Sunday, September 23, 2012

Wanting to Want

An interesting idea has been introduced into my world and I can't stop considering what it means. As humans, we want things. We crave things. We are trained to want by our society. I admit, I want the new iPhone 5. Why do I want it? My "antique" 3GS works just fine. But hearing about the new version and seeing pictures and hearing about my friends and family already having one have shaped this craving in my mind. Do I need it? No.

So we have an object or situation that we want. We know from an early age that when we get what we want we achieve a sense of pleasure. We believe that pleasure is happiness. This leads to the broken record of wanting, getting what we want, finding something new to want so that we can fulfill that desire and feel the pleasure again. We want to want. The only way our brains know to be happy is to continually have things in line to want so that we can get them and feel soothed. Wanting to want is our path to happiness.

What if we could get out of the broken cycle of wanting to want? I would imagine we'd feel much more peaceful. Maybe we'd find pleasure in what we already have, where we already are right now. It's important to note that "wanting" and "aspiration" are different and also that this doesn't mean we should ultimately sit around and smile and say no matter what everything is grand. Nope, it means we note the wanting, we pay attention to our emotions around it and we let the wanting pass. Paying attention to how you react to it and the ability to let go of it will help you move forward and take actions toward being truly fulfilled.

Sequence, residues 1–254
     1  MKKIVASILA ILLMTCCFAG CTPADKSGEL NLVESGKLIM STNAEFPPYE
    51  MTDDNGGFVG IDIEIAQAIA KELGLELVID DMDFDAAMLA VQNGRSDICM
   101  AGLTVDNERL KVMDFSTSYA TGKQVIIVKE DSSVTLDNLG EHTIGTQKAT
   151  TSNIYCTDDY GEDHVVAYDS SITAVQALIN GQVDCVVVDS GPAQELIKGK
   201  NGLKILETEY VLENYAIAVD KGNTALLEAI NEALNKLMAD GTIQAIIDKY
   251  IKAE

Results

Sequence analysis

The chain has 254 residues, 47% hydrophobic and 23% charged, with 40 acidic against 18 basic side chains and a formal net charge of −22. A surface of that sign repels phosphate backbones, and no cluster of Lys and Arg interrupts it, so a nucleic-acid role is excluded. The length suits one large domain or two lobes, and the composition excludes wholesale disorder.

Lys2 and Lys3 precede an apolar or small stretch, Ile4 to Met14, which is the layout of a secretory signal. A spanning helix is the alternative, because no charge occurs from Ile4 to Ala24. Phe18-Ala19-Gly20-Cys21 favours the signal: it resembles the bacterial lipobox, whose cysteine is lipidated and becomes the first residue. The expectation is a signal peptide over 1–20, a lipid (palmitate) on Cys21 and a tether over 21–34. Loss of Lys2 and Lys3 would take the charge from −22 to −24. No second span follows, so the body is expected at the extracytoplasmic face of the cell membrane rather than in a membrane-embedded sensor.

I did an experiment with this. I was doing a short meditation the other night. My head began to itch and since I have been thinking about this idea of not immediately trying to fulfill the "want" I didn't scratch it. I sat there in discomfort just thinking about what it felt like to want to scratch the itch. I focused back on breathing in and out. I still didn't scratch it. After a minute of what felt like torture, guess what happened? The itch slowly went away. I'm not making this up.

Dissatisfaction with the current state of our lives can very often be traced to wanting what we don't have. What if we could simply let go of that craving? Could we find a better state of pleasure and happiness just in the letting go? It couldn't hurt to find out!

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